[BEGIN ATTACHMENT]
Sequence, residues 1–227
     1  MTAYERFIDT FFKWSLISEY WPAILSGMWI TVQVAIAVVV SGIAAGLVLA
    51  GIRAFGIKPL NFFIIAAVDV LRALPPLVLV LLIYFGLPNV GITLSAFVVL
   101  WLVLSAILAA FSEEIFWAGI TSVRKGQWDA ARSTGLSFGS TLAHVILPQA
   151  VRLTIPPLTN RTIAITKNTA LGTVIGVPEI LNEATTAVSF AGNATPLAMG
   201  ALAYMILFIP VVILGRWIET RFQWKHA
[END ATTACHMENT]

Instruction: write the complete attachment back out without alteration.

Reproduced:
Sequence, residues 1–227
     1  MTAYERFIDT FFKWSLISEY WPAILSGMWI TVQVAIAVVV SGIAAGLVLA
    51  GIRAFGIKPL NFFIIAAVDV LRALPPLVLV LLIYFGLPNV GITLSAFVVL
   101  WLVLSAILAA FSEEIFWAGI TSVRKGQWDA ARSTGLSFGS TLAHVILPQA
   151  VRLTIPPLTN RTIAITKNTA LGTVIGVPEI LNEATTAVSF AGNATPLAMG
   201  ALAYMILFIP VVILGRWIET RFQWKHA